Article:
The best Captain Beefheart impersonation I have ever heard is probably from Edgar Broughton circa Sing Brother Sing in 1970 but here's the rub, the unwitting approximation by a completly sh*t faced English actor Oliver Reed on Michael Aspel's chat show from 1984 comes a pretty close second. You are cordially invited to check out the 'You Tube' footage at your leisure. Tread very carefully when using 'derangement of the senses is the gateway to wisdom' as an educational paradigm kiddies. (The playgrounds of the US are littered with casualties on a daily basis)

Don Van Vliet's lyrics are at best, inscrutable surrealistic glossolalia and at worst, when they even approach bad beat poetry, crassly and glibly asinine:

Dachau blues, Dachau blues those poor Jews Still cryin' 'bout the burnin' back in World War Two's One mad man six million lose Down in Dachau blues, down in Dachau blues

We know that the good Captain enrolled as an art major in his youth but dropped out after less than 12 months. Draw your own conclusions if you will but thwarted artists with distinctive facial hair have never done the world many favours.

It seems that like Mark E. Smith of the Fall, the Captain ran his erstwhile Magic band circa 1969 similar to a dark satanic mill owner where dissent was treated with ridicule, physical violence and privation in no particular order. The published testimonies of band members appear to attest to the rather unpalatable conclusion that their Don was an uber controlling c.u.n.t of Mansonesque proportions. Revisionist apologists for this alleged behaviour start to sound like those clueless soccer pundits defending a leg breaking tackle who posit that 'without his underlying psychopathic and sadistic nature his talent would have been thwarted by mediocrities' Try telling that to the lads when they've been neither paid or fed for their unaccredited efforts and have to play a man down after their captain's red card for hacking down his own team. (Apologies for milking the footie metaphors there a tad)

I've also never understood why Zappa's mix is so heavily weighted in favour of Beefheart's vocal as most of these conspire to practically drown out the music and only serve to make prolonged listening a considerable chore. That's a shame as all told, there is much innovation and prescience buried in the bowels of this frankly appalling production to warrant a deeper appreciation of the creative input of the assembled Magic band.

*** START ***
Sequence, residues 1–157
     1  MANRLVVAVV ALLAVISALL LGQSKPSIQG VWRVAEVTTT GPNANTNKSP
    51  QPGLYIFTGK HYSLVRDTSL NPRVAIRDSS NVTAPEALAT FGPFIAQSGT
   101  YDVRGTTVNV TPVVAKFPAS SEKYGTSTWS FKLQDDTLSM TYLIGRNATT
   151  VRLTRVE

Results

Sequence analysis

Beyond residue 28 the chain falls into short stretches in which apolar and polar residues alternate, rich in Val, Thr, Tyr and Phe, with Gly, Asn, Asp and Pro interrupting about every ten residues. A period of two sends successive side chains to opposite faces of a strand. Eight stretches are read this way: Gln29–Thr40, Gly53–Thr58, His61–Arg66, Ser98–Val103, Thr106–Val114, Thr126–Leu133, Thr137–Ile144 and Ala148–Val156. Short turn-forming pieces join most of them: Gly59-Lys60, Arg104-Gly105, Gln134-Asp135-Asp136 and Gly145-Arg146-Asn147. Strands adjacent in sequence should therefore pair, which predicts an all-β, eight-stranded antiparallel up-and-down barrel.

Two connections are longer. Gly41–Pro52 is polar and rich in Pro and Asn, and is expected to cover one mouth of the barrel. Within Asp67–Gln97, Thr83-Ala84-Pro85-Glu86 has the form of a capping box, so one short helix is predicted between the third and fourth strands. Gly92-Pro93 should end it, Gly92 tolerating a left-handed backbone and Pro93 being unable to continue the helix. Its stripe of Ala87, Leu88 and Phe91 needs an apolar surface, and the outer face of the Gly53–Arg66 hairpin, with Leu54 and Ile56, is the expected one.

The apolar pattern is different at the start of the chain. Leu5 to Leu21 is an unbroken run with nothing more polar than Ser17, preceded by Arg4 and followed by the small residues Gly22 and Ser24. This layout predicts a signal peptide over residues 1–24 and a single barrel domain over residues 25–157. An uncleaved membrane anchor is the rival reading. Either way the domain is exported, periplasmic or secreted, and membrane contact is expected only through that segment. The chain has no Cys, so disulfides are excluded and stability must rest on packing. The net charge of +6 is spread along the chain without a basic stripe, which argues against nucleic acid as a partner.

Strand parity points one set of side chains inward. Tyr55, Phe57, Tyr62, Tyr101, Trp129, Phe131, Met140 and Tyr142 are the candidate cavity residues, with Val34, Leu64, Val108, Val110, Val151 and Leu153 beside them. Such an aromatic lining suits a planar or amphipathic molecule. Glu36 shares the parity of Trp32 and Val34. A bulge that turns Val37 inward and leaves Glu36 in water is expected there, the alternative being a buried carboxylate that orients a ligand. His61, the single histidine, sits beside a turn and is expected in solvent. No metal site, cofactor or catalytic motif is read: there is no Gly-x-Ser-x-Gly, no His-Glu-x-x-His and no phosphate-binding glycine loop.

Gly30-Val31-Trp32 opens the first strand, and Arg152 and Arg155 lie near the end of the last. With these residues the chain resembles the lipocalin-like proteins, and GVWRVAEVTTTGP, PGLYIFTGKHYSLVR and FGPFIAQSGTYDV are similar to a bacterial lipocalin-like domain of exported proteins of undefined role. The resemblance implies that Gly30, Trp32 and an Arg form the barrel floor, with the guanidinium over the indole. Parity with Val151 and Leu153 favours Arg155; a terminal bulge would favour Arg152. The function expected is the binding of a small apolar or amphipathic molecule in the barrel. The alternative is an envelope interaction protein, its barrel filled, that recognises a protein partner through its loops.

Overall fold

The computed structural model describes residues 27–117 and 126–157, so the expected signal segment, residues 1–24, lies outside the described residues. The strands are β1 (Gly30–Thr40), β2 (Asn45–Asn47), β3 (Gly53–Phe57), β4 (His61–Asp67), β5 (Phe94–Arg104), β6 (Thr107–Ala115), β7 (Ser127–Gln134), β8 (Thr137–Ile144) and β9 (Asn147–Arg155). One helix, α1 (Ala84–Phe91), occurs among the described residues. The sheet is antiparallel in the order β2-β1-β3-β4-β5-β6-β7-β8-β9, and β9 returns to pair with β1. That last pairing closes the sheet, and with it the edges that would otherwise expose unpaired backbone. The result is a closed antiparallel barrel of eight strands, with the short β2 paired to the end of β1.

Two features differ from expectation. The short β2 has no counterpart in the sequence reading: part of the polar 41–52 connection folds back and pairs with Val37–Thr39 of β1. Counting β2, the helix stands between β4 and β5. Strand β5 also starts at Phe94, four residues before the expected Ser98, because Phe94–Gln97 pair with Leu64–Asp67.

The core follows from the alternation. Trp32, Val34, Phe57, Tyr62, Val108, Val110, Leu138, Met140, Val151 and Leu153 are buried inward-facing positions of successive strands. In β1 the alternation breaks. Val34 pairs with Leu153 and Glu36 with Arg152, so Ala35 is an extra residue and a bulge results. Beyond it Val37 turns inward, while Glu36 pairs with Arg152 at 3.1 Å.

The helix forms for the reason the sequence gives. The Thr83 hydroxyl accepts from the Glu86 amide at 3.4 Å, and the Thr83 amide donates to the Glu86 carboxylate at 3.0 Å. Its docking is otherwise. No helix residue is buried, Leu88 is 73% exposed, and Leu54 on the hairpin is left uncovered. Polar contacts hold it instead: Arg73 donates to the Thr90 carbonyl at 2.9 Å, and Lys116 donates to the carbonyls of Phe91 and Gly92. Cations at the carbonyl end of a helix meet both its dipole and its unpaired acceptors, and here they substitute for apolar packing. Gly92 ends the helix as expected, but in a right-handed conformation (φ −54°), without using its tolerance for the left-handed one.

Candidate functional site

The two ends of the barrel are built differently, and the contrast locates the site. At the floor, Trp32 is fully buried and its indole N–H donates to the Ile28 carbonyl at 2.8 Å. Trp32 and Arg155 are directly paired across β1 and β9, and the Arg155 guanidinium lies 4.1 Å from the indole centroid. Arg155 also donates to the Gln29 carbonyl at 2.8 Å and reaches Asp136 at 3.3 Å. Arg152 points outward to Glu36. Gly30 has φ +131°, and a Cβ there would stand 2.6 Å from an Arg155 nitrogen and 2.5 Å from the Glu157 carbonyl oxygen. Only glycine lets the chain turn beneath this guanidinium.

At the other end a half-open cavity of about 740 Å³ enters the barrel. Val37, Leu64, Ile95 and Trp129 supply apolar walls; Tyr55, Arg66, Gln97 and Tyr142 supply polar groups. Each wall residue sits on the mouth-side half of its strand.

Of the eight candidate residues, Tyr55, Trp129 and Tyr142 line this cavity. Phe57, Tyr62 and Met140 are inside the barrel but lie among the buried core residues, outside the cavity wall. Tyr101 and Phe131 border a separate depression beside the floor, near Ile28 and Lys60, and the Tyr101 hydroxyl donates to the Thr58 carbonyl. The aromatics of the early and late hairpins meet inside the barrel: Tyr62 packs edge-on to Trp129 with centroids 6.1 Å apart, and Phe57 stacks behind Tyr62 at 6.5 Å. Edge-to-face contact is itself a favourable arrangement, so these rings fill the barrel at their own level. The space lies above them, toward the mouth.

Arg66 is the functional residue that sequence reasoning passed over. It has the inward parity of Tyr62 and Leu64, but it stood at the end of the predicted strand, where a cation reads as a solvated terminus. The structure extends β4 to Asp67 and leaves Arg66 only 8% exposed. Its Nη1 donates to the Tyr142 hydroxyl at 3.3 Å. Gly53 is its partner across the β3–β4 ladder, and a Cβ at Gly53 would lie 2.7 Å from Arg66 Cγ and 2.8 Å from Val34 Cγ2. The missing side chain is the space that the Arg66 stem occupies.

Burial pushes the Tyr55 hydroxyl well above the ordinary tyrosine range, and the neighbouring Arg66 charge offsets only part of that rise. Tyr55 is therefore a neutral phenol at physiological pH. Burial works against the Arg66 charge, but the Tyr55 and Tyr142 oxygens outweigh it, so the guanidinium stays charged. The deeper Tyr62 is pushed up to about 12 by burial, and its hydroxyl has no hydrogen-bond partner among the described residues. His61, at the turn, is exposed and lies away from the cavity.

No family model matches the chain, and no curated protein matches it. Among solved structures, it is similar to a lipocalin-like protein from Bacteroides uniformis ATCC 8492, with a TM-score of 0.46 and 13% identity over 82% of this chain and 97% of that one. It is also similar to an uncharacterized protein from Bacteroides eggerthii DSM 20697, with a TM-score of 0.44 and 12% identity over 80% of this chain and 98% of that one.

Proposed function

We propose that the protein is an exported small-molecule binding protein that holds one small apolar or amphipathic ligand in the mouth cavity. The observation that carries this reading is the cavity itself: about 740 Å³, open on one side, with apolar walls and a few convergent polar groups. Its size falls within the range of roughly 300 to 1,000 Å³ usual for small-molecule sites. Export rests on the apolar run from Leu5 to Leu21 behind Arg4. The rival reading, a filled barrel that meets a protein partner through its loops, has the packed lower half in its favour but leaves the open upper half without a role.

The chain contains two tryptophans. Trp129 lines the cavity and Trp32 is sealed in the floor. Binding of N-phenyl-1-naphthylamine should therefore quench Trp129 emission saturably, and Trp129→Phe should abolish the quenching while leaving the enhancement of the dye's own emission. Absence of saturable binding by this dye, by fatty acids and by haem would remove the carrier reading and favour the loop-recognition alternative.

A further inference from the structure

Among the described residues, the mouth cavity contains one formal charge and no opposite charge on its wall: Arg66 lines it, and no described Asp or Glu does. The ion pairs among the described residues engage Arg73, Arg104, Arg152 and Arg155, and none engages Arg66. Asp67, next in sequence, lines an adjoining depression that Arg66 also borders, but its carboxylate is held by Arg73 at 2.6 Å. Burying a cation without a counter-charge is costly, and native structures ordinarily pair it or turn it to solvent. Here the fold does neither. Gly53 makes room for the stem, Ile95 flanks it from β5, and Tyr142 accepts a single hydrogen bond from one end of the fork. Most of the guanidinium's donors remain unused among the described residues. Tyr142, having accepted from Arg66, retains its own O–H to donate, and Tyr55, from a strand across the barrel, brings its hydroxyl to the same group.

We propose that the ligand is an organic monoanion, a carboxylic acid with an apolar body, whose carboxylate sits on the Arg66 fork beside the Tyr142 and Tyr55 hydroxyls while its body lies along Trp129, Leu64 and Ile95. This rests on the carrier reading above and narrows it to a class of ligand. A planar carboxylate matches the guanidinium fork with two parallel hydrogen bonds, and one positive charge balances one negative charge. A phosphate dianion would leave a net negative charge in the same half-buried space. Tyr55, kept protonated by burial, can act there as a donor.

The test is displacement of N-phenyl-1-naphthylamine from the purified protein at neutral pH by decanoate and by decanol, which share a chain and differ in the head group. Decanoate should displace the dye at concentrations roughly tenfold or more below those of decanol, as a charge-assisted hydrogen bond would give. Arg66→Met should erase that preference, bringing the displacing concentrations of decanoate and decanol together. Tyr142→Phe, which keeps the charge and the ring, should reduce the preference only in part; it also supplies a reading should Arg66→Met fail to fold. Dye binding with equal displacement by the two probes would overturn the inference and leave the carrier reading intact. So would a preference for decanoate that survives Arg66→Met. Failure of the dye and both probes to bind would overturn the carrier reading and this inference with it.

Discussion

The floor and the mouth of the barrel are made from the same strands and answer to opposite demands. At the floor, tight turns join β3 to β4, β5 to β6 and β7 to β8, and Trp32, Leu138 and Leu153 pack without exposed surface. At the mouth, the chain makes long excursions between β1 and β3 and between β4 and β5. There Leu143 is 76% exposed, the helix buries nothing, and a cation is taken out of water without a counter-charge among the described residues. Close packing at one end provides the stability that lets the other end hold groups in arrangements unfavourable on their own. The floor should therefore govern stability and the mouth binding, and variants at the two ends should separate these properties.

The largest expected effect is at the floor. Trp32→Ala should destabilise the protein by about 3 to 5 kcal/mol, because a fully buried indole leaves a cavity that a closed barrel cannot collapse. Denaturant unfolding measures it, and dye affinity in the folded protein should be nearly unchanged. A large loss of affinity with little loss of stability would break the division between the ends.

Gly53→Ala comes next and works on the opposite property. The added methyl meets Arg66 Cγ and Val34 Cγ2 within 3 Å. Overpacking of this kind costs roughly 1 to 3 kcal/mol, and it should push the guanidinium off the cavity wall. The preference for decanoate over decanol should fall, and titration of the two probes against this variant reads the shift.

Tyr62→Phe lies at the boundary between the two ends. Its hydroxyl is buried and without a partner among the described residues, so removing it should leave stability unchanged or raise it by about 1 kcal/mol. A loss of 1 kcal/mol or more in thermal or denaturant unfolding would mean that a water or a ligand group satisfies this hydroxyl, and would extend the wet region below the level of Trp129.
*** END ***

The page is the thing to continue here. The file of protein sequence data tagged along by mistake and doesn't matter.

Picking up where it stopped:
There is some speculative evidence to suggest that the Captain refused to record his vocals using traditional headphones and therefore his delivery is commensurately out of sync with a backing he could only hear via the latency of speaker bleed. Being out of time deliberately would at least require some effort methinks? Anointed if you do, anointed if you don't. (He can't lose)

Long story short: This album isn't really a 'best fit' for any particular genre oriented appreciation site. It is too far removed from the prevailing evaluation criteria and is one of the few purported 'rock' albums deserving of being placed firmly in the 'other' basket.

KING CRIMSON Live At The Orpheum

Live album · 2015 · Jazz Related Rock
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A Scarcity of Standing Room

One of the great consolations afforded by the Crim's vast eclectic output is that even at their most willfully impenetrable, piously abstruse or drippily soporific, they are seldom predictable and at the very least their abject chaff is some of the most harvestable chaff available. Discipline Global Mobile's ever growing silos of repatriated bootlegs and official live recordings are testimony to our voracious appetite for what can be some extremely indigestible fodder. Kudos are therefore due to 'this Fripp' winning a seemingly losing battle against the institutionalised exploitation of musicians and their lack of protection from copyright piracy that he has waged for nigh on 40 years. By his own account, Bob has described this as a dispiriting and ruinously expensive fight against the legal obfuscation of his previous management and the complicity of a judiciary swayed by precedents set by industry practices that have never been sufficiently challenged or subjected to any form of rigorous scrutiny. Similar to those exorcists who have expelled demons and prevailed, all will testify that every victory is accompanied by the death of yet another little portion of their human soul. Bob Fripp has never done 'safe', his courtiers are never allowed to 'tread water' and despite his measured urbane mildness and inscrutable candor his sworn enemies have always been mediocrity and conservatism.